Lil B is not the world’s most articulate public speaker; his sentences tend to rush off into Palinesque tangles, fragments, and false starts. But much like with his music, his train of thought can wind up in touching places. “When I was a younger man,” he said, “it was crazy, like, you know, you grow up, and like, you don’t even, I remember like — I didn’t even know how to walk.” Was he talking about being a bay? No; he was talking about self-consciousness. “I was like, wondering how I was walking. I was in high school, like, ‘Am I walking weird?’ Really so conscious, though, and so hard on myself.” Which is, if you ask me, honest and thoughtful and maybe just a dash of stonerishly profound — imagine, that we human animals can be so socially self-conscious that we’re unsure how to walk from one place to another — though the NYU Local Twitter account soon enough summarized it as “Lil B just admitted that he did not know how to walk until high school.”
I don’t mean to be too hard on the portion of the room that kept laughing — laughing even as Lil B reminded us, in response to one question, that all of our parents will one day die. (“No, seriously! Serious, serious, serious, serious!”) The way he speaks — open, guileless, grandiose, and a little muddled — is smile-inducing; there’s a level of giggling amazement that can’t be helped. The guy’s philosophy is a lot like a stoned college kid having suddenly giggly epiphanies about the sheer size and complexity of the world. At one point, he took a moment to marvel at the way our brains can tell our hands to move, a thought common to entry-level users of psilocybin mushrooms. He marveled at the building we were in, and the fact that someone, at some point, built it. He marveled at the way we are, you know, just one small particular slice of humanity in a long string of humans to have walked the planet. Then he digressed to talking about insects, and an ant infestation in his house that he’d been observing — “just studying them, and respecting them” — and wondered whether we might ever be able to understand how ants communicate.
Yes, these are things that kids in countless smoke-filled dorm rooms can think through with real gravity while still laughing uncontrollably. And there’s something similarly wonderful about the idea of Lil B having ascended, Buddha-style, into an unlikely world where he can release beautifully sloppy stream-of-consciousness mixtapes about blow jobs and inner peace, for free, monthly, and delight college kids by being one of those rare personalities who makes “trying to be a nice person” seem strange, brave, and provocative. (Also, I should confess that the single loudest laugh on my tape recording of the lecture is my own, from the moment when a list of things Lil B dislikes culminated, improbably, with hydraulic fracking.) But one really couldn’t help noting with dismay that some small portion of Lil B’s fan base is inevitably going to be made up of the kind of young man who likes to engage with oddball black musicians in a fashion resembling middle-school boys making their overweight or developmentally disabled peers dance. Who will yell “talk about weed” while Lil B is talking about turning the other cheek. Who, when Lil B asks what people are at NYU for, will find it interesting to yell “second-degree murder” in response. And they will do this, with the same goonish love of absurdity as the average Internet troll’s, while listening to a rapper who spends an incredible amount of time pointing out to them how toxic it is.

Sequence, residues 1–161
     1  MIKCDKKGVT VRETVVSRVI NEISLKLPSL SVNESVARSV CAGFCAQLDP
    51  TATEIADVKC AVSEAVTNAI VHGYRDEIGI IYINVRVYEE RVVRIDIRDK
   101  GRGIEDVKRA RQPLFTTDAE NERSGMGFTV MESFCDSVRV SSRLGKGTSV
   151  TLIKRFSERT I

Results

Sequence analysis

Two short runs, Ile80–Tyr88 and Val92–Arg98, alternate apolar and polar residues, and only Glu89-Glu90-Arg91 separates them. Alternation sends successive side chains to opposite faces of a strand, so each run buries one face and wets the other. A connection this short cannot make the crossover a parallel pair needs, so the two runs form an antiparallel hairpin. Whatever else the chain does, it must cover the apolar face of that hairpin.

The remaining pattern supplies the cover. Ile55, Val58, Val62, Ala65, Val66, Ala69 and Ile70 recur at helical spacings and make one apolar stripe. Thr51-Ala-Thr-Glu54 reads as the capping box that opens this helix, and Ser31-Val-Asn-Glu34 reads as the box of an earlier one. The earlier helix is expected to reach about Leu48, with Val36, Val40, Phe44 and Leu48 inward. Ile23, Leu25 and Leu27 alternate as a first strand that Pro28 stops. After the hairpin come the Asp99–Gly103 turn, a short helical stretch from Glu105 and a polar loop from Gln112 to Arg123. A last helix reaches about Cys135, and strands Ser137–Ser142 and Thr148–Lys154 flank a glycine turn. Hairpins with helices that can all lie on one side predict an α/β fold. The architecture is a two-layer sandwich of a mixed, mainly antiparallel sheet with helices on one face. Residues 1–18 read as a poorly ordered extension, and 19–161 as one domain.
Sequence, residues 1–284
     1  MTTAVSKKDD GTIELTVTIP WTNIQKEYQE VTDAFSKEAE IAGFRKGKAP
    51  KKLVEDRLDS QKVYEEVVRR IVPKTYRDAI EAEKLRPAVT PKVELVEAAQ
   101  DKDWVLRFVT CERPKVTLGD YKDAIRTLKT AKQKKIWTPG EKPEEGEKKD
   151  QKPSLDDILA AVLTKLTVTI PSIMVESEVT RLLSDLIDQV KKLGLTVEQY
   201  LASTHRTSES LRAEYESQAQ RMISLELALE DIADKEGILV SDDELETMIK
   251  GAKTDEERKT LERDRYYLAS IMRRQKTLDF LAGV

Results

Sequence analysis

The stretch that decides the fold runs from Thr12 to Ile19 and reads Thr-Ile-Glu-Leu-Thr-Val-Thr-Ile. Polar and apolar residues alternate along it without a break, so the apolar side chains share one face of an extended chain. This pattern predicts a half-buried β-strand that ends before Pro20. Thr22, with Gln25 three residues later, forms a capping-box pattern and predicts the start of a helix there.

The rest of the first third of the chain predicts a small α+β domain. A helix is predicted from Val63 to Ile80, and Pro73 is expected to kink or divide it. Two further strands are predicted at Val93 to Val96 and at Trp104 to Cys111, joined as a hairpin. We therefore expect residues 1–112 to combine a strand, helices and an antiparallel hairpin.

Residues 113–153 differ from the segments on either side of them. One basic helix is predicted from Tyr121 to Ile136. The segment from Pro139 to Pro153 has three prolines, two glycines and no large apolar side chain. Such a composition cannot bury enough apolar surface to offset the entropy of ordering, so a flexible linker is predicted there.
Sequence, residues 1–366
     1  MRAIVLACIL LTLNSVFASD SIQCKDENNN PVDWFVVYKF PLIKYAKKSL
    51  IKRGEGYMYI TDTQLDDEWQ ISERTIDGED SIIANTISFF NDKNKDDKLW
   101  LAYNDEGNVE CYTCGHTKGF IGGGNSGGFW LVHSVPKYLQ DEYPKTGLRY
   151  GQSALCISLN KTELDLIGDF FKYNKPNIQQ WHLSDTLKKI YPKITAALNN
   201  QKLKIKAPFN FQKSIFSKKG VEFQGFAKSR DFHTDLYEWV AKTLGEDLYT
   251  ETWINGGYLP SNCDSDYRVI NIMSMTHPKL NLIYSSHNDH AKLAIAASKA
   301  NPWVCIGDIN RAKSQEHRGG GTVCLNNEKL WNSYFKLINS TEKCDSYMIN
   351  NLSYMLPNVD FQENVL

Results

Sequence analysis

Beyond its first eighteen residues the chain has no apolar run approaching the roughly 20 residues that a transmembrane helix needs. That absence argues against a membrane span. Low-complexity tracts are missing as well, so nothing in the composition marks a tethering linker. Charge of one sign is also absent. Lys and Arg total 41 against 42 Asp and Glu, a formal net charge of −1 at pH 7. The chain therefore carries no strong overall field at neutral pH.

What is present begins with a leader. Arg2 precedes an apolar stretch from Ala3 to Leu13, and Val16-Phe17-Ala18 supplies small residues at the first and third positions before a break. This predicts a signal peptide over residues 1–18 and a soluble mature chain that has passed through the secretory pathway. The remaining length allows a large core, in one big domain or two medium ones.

At some point, he was offering a warning about the number of predators in the music industry, in business in general …
“Sexual predators,” someone shouted, I suppose in an effort to be funny.
But Lil B is just not funny like that. Lil B’s impulse is not just to take the interjection — with a Will Ferrell–character level of guilelessness — at face value, but to try to say something supportive to the many people he knows to exist in the world who have actually been sexually assaulted. “We’ve dealt with that,” he said. “That’s very uncomfortable for all of us. But I want to tell you — anybody in here who went through hardships like that, or anything — the best thing I can tell you is forgive, cleanse your soul, and forgive yourself. Don’t be hard on yourself.” This — the sound of a guy abandoning all consciousness of the cool way to walk, and trying, in his own halting self-made way, to be really, really good — was greeted by cheers, and laughter, and ironic cheers, and someone yelling, “Thank you, Based God.”